Recently a group of coworkers and I had an in-depth discussion on how vocabulary is actually the basis for knowledge. Each time you learn new vocabulary, your understanding of the world actually increases.
Down and down the rabbit hole we went until one brought up a specific nation in Europe or Africa (the specifics escape me) that can actually distinguish more variations in blue than North Americans merely because they’ve used more words than North Americans have. We just say “blue”, but they may have 20 different words that describe that.
Experience & Vocabulary
While discussing a person who I have a really hard time communicating with, my Mom said this over Thanksgiving:
Maybe you have a hard time communicating with them because:
A) You have a lot of experience, but not a lot of vocabulary to explain it
B) They have a lot of vocabulary to explain things, but not a lot of experience
Since having both of these conversations, I’ve been thinking about their concepts a lot. And honestly, I think their message is spot on and highly relevant to everyone. The truth of the matter is this:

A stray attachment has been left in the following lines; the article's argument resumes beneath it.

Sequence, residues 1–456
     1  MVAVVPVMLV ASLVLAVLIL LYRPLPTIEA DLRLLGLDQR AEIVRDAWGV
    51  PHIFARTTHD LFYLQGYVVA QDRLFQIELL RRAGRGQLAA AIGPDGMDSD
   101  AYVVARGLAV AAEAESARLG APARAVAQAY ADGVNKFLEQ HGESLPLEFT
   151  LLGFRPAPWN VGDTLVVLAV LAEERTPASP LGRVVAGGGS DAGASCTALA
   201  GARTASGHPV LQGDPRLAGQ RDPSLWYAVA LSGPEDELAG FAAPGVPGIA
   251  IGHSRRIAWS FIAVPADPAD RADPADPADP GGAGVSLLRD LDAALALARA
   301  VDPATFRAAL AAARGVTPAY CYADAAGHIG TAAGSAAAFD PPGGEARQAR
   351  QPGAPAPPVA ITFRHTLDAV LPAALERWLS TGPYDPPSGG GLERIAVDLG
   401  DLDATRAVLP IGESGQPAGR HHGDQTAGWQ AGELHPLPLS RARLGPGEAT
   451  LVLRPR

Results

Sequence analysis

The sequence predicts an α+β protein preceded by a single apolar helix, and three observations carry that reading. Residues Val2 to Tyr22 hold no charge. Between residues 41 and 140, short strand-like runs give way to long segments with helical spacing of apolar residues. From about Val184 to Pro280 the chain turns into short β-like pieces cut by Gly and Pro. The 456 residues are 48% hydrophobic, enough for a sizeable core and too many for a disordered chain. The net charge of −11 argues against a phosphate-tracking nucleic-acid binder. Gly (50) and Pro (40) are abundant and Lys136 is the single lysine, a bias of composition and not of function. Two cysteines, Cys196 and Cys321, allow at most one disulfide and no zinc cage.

1) We have an experience which gives us a limited understanding of how something works then 2) we gain the vocabulary and “systems” to actually make us understand what we learned.
Coincidentally, the people that I admire in life are those that have both the experience AND vocabulary.
I’ve been noticing myself “level up” in business skills in the past two months drastically. I feel like every single week I’m having a major breakthrough. And each and every time it’s because I’ve gained the vocabulary to explain something “that I already knew.”
Before I just saw the color blue, but now I feel like I can see more and more variations everyday.
I know this may seem like a very rambling post, and it’s my first in over a year, but bear with me here. I promise I’ll be writing about a lot of the breakthroughs I’ve had in more detail very soon.
I think it boils down to this:
What do you know, that you don’t really KNOW? Put yourself in another persons shoes, learn how other peoples experiences and vocabulary relate to what you think you know, and use those to further your vocabulary everyday.